MARK FIORE, Pulitzer-winning political animator, speaking in the wake of two plagiarism cases (both accused cartoonists — in Ohio and Oklahoma — left their jobs)

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“The New Yorker” anniversary cover. (ANA JUAN - The New Yorker)
“The process toward inspiration usually has different ways. This time the idea came suddenly, but ... years ago, the idea slept peacefully in my sketchbook, until the right moment.”

— Spanish artist ANA JUAN:, who created a striking New Yorker magazine cover to mark the 10th-anniversary of the 9/11 terrorist attacks

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“You’ve got to make hay while the sun shines — there is an ebb and flow to this business. There was that epic period when in 1979, six of seven ‘Garfield’ books were on the bestseller list at the same time. That was a high-water mark. No one cares about ‘Garfield’ now.”

— “Big Nate” creator LINCOLN PEIRCE, on taking advantage of his feature’s current digital and publishing opportunities

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“All good writers are pretty much writing about their own lives. Some of them just cover it up more than others do. I do the opposite. I draw a guy who has a more interesting life than mine, and then I try to live up to it.”

— “Frazz” creator JEF MALLETT

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. (MIKE LUCKOVICH / Atlanta Journal Constitution / Used by permission of the artist - .)
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“I really appreciate when my editor or colleagues tell me an idea stinks, because it motivates me. I thrive on rejection.”

MIKE LUCKOVICH, Pulitzer-winning political cartoonist at the Atlanta Journal-Constitution, describing his deadline process

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“Sometimes when we’re stuck, we can say to each other, ‘What is wrong with this?’ We benefit a great deal from being around each other. It’s a positive place when work is going well, and in moments of doubt, we’re allowed to vent to each other. It’s great to know that we’re going to look at each other’s work with the positive critical eye.”

DOMITILLE COLLARDEY, on the six-member Brooklyn cartoonists’ studio dubbed “Pizza Island”

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“I drank my way through my first three books, and consequently, I think they’re all garbage.”

JULIA WERTZ, cartoonist of “Fart Party” and “Drinking at the Movies” (and Pizza Island co-studio mate)

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“To be honest, it exceeded all of our expectations. The numbers are so solid and so strong, but are they substainable? I feel that we have a healthy future.”

— DC Comics honcho DAN DiDIO, on advance sales of the “New 52” launch

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Womanthology (Womanthology - IDW Publishing)
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“The response was so overwhelming, I figured I’d better just take the leap and run with the idea. And here we are — all from one tweet!”

RENAE DE LIZ, on the successfully well-funded “Womanthology” Kickstarter project spotlighting more than 100 women creators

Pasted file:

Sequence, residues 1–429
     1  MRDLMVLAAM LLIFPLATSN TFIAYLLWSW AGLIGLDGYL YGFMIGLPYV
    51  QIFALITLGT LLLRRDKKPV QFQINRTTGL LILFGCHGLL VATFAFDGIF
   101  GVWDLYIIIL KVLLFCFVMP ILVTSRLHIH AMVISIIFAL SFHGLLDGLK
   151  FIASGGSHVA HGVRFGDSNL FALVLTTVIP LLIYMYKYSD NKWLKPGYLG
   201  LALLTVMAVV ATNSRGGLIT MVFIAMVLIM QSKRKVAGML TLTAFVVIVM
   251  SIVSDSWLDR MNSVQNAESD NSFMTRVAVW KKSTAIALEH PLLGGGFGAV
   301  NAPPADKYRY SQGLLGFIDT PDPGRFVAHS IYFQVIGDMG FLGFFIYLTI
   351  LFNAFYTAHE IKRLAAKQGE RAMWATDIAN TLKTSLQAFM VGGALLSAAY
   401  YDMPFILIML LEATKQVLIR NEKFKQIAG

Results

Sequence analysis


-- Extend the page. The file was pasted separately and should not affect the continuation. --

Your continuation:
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“Our libraries are becoming our community centers. Libraries saved my life as a kid. We didn’t have a lot of dough, but we had library cards.”

— “Our Cancer Year” co-author JOYCE BRABNER, on the successfully funded “Cleveland Heights Library Statue” Kickstarter project to memorialize her husband, comics great Harvey Pekar (who died in 2010)

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“There’s ‘Krazy Kat’ and then there’s everything else. Of course, let me qualify that…I’m not just talking about comics or fine art or poetry — I’m talking about EVERYTHING ELSE!”

— Author CRAIG YOE, on his latest book — about George Herriman’s classic strip

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Lightning McQueen and Mater, “Cars 2.” (DISNEY/PIXAR via AP - .)
“Pixar comes in and plucks you up and plugs you right into a film. No making copies or fetching coffee for anybody. ... It’s sink or swim.”

— “Cars 2” animator BOB MOYER, on his internship during the making of 2006’s “Cars”

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“It plays on a universal desire: the longing for adventure we all have deep within us.”

TOM JENKINS, director of the viral stop-motion animated video ”Address Is Approximate” (which notably used Google StreetView)

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Both CGI and hand-drawn animation are achievements in art. Comparing them is like comparing a drawing and a photograph. ... They shouldn’t be compared — they are different kinds of animation.”

— Oscar-nominated “Illusionist” animator SYLVAIN CHOMET

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“In recent years, the Pulitzer has gone to much younger folks, who are newer in the business. I thought my day had passed.”

MIKE KEEFE, upon winning the 2011 Pulitzer for Editorial Cartooning, just months prior to accepting his paper’s“buyout” offer

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. (JOSH NEUFELD / Cartoon Movement - .)
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“I just happen to be part of this new acceptance of American comics abroad, and nonfiction comics journalism in general,” “It used to be just [Joe] Sacco, ... Now it feels like comics journalism is expected out of any big news event — from Japan to Occupy Wall Street to economic protests in Europe and turmoil in Africa. It’s no longer such a shock to see it.”